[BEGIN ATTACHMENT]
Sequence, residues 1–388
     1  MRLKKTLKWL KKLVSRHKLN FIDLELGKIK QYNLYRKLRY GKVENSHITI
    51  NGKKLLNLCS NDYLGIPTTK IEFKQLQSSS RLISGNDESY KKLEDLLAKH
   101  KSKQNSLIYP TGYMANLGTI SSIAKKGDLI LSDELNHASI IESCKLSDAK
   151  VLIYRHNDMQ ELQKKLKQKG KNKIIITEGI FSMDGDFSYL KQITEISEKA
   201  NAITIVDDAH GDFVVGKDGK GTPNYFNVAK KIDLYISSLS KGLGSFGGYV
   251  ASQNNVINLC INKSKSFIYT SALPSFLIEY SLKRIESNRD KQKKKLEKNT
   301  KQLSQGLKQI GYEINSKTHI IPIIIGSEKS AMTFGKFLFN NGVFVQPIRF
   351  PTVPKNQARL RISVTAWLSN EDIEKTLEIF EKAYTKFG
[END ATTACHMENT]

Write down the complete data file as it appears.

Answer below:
Sequence, residues 1–388
     1  MRLKKTLKWL KKLVSRHKLN FIDLELGKIK QYNLYRKLRY GKVENSHITI
    51  NGKKLLNLCS NDYLGIPTTK IEFKQLQSSS RLISGNDESY KKLEDLLAKH
   101  KSKQNSLIYP TGYMANLGTI SSIAKKGDLI LSDELNHASI IESCKLSDAK
   151  VLIYRHNDMQ ELQKKLKQKG KNKIIITEGI FSMDGDFSYL KQITEISEKA
   201  NAITIVDDAH GDFVVGKDGK GTPNYFNVAK KIDLYISSLS KGLGSFGGYV
   251  ASQNNVINLC INKSKSFIYT SALPSFLIEY SLKRIESNRD KQKKKLEKNT
   301  KQLSQGLKQI GYEINSKTHI IPIIIGSEKS AMTFGKFLFN NGVFVQPIRF
   351  PTVPKNQARL RISVTAWLSN EDIEKTLEIF EKAYTKFG